The number of discrete GPU developers decreased to two by the end of the 2000s as a result of the competition between ATI Technologies (now part of AMD) and Nvidia.
In 2017, Intel announced its return to the stand-alone graphics card market, and it looks like Apple will soon be selling internally-developed high-performance desktop graphics as well.
But surprisingly, there’s another player ready to join the game — Zhaoxin, a Chinese CPU designer.
What is Zhaoxin
Zhaoxin is best known for its CPUs, such as the KaiXin CPU, designed entirely in China. The company is backed by Chinese government-controlled interests, with state-owned Shanghai SASAC owning 80 percent of the company, while VIA, which licensed x86, owns 20 percent of the company.
China-based Zhaoxin is best known for its home-grown x86 processors, but according to cnTechPost ‘s article, the company recently introduced a new low-cost 70W discrete GPU in a video posted on its newly redesigned website. The video has since been removed, but the website has taken a snapshot of the company’s roadmap detailing the latest stand-alone 70W GPU that will be fabbed using TSMC ‘s 28 nm method.
Due to its release at the end of 2020 or 2021, the GPU is expected to support the DirectX 11.1 or DirectX 12-level feature set, but the company does not elaborate. The chip will also have a TDP of up to 70 W, which is too large for laptops, but decent enough for small size desktops.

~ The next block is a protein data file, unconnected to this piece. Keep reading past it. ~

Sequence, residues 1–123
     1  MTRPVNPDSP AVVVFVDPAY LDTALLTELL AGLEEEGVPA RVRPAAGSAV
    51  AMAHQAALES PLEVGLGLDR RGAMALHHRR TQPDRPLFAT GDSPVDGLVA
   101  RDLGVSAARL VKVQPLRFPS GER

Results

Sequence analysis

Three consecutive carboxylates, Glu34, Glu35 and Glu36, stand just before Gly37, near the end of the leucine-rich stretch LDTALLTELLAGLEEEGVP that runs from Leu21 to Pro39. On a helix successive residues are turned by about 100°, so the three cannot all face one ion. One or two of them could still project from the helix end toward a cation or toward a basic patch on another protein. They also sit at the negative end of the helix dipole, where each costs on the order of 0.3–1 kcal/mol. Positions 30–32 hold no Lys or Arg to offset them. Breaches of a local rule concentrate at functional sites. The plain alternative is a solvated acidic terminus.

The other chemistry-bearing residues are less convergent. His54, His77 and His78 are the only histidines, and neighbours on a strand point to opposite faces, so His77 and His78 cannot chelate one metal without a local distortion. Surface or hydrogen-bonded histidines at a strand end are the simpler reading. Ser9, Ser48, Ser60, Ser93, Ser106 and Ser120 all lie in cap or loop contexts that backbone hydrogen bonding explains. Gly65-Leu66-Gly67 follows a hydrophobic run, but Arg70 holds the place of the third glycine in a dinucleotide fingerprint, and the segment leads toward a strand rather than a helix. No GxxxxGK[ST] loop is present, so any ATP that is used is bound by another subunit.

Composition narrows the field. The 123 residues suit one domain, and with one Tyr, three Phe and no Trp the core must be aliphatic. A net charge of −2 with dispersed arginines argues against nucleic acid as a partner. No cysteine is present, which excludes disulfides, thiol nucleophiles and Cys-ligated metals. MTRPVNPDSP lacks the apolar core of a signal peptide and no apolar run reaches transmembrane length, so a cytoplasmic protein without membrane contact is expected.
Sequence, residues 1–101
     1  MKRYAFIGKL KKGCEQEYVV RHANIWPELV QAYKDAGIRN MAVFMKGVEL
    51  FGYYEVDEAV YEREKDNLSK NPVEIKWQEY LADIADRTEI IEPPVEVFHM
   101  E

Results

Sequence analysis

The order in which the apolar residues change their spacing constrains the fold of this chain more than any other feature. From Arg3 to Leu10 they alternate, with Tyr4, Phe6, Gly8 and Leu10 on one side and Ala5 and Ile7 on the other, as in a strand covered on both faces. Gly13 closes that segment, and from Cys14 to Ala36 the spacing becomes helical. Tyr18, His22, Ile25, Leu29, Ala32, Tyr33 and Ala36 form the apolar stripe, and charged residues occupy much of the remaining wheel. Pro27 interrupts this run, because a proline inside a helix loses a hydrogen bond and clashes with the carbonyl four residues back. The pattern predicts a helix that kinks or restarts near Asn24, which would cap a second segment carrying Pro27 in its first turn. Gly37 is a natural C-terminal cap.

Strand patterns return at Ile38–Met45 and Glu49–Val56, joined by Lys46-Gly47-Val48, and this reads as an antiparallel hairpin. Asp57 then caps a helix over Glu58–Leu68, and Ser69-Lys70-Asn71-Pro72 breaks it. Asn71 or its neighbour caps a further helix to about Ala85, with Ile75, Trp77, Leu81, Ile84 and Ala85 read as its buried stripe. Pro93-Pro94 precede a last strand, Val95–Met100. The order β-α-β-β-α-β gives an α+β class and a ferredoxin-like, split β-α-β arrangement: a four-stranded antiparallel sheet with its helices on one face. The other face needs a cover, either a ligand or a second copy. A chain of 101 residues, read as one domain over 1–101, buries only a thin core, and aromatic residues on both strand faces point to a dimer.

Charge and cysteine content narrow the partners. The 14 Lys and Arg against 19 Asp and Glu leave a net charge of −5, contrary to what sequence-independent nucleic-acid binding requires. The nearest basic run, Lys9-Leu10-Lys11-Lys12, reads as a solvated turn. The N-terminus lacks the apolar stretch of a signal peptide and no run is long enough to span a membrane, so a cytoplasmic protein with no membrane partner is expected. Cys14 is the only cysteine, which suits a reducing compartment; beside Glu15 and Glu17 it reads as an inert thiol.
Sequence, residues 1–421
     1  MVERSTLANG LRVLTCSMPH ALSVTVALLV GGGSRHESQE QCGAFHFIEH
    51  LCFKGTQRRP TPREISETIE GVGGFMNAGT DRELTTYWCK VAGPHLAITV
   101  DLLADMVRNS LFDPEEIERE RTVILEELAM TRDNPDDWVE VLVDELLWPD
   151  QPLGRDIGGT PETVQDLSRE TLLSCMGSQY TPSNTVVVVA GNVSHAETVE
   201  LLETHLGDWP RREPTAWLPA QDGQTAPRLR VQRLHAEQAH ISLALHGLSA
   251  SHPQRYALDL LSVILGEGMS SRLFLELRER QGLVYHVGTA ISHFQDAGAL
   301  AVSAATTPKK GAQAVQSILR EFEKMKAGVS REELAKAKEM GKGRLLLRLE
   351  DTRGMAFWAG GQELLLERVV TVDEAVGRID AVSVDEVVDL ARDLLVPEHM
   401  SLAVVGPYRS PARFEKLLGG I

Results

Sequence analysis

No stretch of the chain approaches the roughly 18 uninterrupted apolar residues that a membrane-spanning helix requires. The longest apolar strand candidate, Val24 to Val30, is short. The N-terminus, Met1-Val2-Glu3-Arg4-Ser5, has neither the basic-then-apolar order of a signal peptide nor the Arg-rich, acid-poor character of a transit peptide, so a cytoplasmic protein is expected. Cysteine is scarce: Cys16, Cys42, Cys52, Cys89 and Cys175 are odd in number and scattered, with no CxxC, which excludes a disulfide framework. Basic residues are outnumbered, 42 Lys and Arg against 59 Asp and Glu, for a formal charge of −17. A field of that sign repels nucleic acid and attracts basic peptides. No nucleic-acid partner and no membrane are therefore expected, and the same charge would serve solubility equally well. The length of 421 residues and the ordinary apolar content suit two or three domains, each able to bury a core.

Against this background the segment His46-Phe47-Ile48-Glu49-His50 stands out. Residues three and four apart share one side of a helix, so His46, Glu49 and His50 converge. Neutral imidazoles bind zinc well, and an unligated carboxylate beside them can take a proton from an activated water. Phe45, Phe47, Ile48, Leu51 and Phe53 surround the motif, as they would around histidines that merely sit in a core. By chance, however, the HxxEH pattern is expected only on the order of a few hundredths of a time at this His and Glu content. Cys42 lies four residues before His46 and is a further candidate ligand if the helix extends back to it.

Given the process technology and the 70-W TDP of the upcoming GPU, it is unlikely that Zhaoxin ‘s stand-alone graphics processor would be able to compete against AMD and Nvidia on the high-end graphics card market.
Meanwhile, there are markets outside gaming that Zhaoxin might want to target with its discrete GPU, like high-performance computing.
If Zhaoxin will indeed migrate to the gaming industry, one of the obstacles that the company would likely face will be GPU-related patents. AMD and Nvidia hold large graphics processing IP portfolios, and in recent years both companies have sought to monetize their patents by licensing them to different parties, including those who buy graphics technology from IP developers such as Arm.